Europe’s Iron Lady Finds Steely Match in EC Leader

<i> Dick Leonard is a writer and consultant on European affairs</i>

In its nearly 32 years of existence, the Commission of the European Community has had eight presidents. Nobody doubted that the first, West Germany’s Walter Hallstein, was a great man. He led the community imperiously and well for nine years until 1967, when insuperable personality and policy clashes with French President Charles de Gaulle led to his resignation.

Only one other former president made much of a mark: British Social Democrat Roy Jenkins, who launched the European Monetary System during his four-year term, 1977-1981. The other half-dozen ex-presidents may best be characterized as “worthy but dull.”

The current incumbent, Jacques Delors, is half a year into his second four-year term and has proved the strongest president since Hallstein. Since last month’s historic EC summit at Madrid, when his plan to lead Europe into an economic and monetary union was endorsed by all 12 heads of government--including Britain’s extremely reluctant Margaret Thatcher--estimations of Delors’ strength have to be revised upward. He now stands as the most creative and effective leader that the European Community has ever had.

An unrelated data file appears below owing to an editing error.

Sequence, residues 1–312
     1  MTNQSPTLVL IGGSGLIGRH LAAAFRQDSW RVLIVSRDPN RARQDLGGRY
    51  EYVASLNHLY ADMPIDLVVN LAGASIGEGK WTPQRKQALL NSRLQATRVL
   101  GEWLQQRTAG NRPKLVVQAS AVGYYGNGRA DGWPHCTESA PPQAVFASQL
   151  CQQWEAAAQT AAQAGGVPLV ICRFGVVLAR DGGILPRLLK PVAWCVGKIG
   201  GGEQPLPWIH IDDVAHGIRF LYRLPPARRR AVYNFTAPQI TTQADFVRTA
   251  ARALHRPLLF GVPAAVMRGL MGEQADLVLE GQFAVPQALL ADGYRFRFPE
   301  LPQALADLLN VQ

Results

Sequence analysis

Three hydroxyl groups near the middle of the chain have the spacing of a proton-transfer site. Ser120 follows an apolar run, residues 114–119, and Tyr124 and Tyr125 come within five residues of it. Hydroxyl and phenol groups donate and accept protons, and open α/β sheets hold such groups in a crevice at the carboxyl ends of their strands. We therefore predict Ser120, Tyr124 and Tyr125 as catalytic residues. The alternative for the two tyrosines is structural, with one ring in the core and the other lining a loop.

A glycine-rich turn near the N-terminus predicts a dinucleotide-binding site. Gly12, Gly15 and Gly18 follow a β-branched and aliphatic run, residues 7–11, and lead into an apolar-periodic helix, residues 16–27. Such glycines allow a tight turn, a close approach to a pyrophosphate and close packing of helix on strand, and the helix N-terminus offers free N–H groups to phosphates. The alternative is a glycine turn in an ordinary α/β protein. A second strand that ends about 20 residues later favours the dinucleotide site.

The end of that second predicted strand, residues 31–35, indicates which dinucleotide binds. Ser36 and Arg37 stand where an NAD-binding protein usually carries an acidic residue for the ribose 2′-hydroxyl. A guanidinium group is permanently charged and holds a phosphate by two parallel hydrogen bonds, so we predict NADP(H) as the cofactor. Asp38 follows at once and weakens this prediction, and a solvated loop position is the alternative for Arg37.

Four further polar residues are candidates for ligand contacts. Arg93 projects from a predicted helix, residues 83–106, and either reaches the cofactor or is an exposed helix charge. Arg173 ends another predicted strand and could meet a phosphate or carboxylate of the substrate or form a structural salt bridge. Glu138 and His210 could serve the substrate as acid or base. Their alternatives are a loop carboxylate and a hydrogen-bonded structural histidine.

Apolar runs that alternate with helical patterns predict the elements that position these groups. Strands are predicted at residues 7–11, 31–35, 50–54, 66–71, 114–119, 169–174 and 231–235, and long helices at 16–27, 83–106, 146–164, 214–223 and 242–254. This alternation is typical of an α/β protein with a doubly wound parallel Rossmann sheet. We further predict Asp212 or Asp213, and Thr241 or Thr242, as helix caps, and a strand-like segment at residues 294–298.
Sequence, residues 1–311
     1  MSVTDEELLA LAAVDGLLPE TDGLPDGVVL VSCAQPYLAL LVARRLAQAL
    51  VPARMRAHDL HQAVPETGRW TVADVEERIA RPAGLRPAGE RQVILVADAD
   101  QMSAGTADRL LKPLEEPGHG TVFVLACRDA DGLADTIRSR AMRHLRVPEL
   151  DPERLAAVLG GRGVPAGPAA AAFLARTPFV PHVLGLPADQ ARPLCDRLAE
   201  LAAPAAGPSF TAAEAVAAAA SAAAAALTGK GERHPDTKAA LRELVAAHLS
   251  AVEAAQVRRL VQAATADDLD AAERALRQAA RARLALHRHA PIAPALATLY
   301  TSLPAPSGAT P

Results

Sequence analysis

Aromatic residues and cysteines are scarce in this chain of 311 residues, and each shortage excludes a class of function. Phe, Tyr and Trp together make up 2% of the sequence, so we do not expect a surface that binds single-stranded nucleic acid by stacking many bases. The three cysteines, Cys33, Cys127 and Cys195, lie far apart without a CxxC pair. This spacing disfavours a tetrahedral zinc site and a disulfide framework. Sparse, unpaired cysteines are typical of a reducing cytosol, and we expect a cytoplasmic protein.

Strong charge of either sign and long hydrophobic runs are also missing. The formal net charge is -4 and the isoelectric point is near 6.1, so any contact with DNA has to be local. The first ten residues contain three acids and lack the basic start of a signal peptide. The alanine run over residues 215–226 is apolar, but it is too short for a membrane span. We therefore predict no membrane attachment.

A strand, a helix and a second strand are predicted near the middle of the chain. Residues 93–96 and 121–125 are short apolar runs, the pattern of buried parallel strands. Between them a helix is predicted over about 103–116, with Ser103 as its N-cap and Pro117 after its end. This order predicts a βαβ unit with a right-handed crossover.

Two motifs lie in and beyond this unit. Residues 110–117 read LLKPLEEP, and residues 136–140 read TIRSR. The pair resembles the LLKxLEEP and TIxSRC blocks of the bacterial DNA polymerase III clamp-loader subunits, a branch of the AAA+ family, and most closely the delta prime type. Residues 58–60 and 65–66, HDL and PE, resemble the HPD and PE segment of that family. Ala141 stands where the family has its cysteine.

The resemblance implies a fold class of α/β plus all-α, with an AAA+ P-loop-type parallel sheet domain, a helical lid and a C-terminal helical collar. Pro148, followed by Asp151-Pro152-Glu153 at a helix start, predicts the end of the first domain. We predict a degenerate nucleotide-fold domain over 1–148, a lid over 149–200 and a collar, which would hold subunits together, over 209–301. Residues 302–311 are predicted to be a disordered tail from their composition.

Delors came to Brussels largely by accident. In 1984, when he was first appointed, the member states were pretty well agreed that it was West Germany’s “turn” for the presidency, and they expected Chancellor Helmut Kohl to propose a suitable candidate. Kohl failed to oblige, so French President Francois Mitterrand took advantage of the vacuum to head off a problem of internal rivalry in his Cabinet.


Delors, who had been a highly successful finance minister, was disappointed at being passed over for the premiership in favor of a much younger man, Laurent Fabius. Fearing that the two men would not get on, Mitterrand offered Delors the “golden exile” of EC presidency, which he accepted with alacrity.